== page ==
A UMD student's volunteer experience–Bike Cave style

DSC02673 The basement of 1712 Jefferson St. is home to the popular and upcoming spot in Duluth – the Bike Cave. Located in the Dorothy Day House, the Bike Cave, an extension of the Loaves and Fishes community, brings in volunteers from all around the city to help others build their own bicycles.

One of those volunteers is UMD student Blake Romenesko. He started out just like most of the others – curious and in serious need of a bike.

“I first came to the bike cave because I needed a bike,” said Romenesko. “I moved to Duluth and I had this horrible bike, I rode it for like a year, and then I heard of these bike caves and I kind of just came down here and I was like ‘I need a bike’ and I just kind of got sucked in into learning bits here and there. I had no mechanic skills before.”

The Bike Cave receives hundreds and hundreds of bike parts for no cost at all.


“Everything is donated,” said Romenesko. “We get people to donate things, especially in the spring. We have connections with other bike collectives especially in the cities. Also sometimes we will go to the dump and find some and things like that.”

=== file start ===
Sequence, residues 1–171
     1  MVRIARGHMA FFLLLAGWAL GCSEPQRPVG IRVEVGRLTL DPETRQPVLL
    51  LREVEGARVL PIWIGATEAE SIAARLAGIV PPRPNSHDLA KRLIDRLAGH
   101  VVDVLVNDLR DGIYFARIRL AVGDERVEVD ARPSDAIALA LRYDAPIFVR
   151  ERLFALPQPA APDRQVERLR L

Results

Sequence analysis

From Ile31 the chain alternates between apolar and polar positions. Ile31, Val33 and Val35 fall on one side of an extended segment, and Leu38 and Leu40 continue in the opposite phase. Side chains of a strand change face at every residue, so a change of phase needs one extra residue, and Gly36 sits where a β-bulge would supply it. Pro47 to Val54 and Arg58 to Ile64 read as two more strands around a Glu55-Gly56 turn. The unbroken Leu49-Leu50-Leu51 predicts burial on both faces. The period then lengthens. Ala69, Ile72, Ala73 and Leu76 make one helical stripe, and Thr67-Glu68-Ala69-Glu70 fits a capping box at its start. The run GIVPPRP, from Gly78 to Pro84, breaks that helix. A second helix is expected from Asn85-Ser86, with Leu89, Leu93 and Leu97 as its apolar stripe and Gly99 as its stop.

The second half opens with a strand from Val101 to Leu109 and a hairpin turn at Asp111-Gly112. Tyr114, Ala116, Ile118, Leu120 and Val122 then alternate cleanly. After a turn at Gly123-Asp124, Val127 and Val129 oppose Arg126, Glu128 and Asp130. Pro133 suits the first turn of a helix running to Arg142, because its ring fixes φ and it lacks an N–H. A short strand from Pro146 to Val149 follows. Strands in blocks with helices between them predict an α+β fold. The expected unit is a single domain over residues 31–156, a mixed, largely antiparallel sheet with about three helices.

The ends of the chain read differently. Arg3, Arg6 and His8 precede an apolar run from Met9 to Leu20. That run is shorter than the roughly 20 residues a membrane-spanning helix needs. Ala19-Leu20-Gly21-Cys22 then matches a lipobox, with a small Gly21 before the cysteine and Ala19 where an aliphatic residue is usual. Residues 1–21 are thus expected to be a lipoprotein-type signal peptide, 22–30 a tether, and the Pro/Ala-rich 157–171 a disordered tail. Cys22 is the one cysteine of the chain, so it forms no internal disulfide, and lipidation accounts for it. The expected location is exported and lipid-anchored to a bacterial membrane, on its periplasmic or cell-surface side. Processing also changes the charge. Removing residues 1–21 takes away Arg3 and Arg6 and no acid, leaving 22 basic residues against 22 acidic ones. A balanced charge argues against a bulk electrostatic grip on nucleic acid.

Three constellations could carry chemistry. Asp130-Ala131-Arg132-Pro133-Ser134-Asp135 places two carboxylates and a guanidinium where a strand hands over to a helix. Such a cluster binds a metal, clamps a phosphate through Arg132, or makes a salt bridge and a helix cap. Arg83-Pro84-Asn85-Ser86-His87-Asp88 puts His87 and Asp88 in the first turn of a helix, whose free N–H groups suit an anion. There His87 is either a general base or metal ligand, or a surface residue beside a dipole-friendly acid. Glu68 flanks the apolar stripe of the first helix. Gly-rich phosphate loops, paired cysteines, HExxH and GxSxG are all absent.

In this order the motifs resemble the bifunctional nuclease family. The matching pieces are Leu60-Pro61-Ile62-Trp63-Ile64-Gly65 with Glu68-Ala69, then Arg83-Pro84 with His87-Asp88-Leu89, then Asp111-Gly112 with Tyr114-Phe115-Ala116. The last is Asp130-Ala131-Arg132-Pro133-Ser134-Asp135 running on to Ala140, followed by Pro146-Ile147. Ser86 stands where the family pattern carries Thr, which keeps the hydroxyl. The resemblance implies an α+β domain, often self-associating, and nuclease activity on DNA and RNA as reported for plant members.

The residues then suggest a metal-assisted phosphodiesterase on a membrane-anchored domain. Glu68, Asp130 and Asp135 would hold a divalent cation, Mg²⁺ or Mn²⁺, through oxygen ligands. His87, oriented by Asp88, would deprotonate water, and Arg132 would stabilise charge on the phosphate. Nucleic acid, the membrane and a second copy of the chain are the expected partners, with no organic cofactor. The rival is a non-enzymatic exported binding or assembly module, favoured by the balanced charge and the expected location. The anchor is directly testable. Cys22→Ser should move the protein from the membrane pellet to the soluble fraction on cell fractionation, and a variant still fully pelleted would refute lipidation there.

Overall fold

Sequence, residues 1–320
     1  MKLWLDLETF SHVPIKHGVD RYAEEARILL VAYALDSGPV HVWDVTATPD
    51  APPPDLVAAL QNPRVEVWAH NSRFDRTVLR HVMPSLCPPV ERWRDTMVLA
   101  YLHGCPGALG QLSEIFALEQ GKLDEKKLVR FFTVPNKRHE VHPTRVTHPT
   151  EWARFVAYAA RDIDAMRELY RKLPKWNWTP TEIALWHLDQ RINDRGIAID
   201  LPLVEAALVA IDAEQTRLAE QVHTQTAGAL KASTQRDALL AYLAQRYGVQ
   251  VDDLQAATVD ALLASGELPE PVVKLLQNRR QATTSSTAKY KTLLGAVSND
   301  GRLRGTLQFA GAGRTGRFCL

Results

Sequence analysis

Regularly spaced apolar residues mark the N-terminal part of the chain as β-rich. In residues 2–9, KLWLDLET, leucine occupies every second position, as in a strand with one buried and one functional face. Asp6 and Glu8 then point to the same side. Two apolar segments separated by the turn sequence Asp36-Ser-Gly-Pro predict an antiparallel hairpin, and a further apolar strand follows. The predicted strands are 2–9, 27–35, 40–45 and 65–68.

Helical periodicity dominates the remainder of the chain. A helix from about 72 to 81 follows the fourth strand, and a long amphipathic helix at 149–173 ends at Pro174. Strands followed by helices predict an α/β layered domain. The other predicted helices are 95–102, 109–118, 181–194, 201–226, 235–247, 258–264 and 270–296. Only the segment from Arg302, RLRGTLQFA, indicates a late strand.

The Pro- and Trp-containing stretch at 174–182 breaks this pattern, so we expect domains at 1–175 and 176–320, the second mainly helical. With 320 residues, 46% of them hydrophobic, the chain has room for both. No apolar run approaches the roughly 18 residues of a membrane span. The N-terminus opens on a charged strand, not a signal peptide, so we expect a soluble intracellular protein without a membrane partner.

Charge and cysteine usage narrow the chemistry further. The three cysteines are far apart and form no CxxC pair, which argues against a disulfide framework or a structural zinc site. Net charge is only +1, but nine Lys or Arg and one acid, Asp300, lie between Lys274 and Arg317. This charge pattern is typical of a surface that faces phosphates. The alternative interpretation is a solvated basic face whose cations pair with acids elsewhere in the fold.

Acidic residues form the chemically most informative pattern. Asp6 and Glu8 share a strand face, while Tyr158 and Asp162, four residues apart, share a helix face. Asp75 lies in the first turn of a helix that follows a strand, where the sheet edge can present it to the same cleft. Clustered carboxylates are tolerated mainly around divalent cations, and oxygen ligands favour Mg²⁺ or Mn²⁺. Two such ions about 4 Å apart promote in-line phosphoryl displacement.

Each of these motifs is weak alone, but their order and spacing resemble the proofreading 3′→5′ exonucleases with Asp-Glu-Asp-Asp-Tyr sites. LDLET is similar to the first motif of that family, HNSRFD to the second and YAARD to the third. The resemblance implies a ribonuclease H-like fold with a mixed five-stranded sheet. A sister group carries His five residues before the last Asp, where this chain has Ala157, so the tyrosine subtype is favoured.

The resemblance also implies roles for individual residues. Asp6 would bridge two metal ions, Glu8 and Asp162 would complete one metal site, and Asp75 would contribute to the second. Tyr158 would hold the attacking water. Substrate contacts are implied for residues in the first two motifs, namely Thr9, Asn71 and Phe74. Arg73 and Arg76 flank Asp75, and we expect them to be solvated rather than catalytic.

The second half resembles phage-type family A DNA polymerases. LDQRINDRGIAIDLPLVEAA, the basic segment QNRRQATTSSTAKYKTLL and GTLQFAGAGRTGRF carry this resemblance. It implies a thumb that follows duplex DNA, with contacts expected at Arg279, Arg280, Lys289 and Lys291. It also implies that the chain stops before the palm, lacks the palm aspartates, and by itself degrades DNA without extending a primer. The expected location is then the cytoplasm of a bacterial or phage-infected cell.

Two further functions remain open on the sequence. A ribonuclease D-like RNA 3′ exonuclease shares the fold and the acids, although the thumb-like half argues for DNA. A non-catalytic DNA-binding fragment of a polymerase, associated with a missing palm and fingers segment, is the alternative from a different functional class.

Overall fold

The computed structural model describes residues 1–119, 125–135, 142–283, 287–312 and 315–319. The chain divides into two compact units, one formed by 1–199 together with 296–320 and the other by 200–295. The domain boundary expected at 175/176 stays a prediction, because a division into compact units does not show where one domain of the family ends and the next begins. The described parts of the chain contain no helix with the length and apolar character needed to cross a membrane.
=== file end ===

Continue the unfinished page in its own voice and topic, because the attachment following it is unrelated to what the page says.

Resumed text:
But getting your own free bike from this dingy, dark basement isn’t easy. It requires hours of volunteering and hard work, what they like to call “sweat equity”. If you want a bike, you have to earn it.

“We definitely want to exchange for skills,” said Romenesko. “If you have mechanical skills, fix someone’s bike or fix up some bikes and donate them. If you don’t have those skills you can bake cookies, play some music; there’s different things you can do. Everyone has different talents, so they can use their talents to contribute to the community.”

Becoming a volunteer doesn’t require paperwork or experience; all you need is the willingness to learn and the passion to help others.


“In the summer time, there’s usually a whole backyard full of people, and there’s a smaller ratio of volunteers to people with bikes. And then in the winter there’s definitely more volunteers."

Once you’ve completed your masterpiece on wheels, the Bike Cave will allow you to take home the bike you’ve put all your hard work and effort into; no cost and no gimmicks. But before you leave, they need to induct you onto their wall of fame.


“Whenever people take home a bike, we try and get a picture of them with their bike to show how many people take home their bikes that they build,” said Romenesko.

The only way to get the full experience of bike parts heaven is to check it out yourself. The Bike Cave is currently open Thursday nights and Saturday afternoons.


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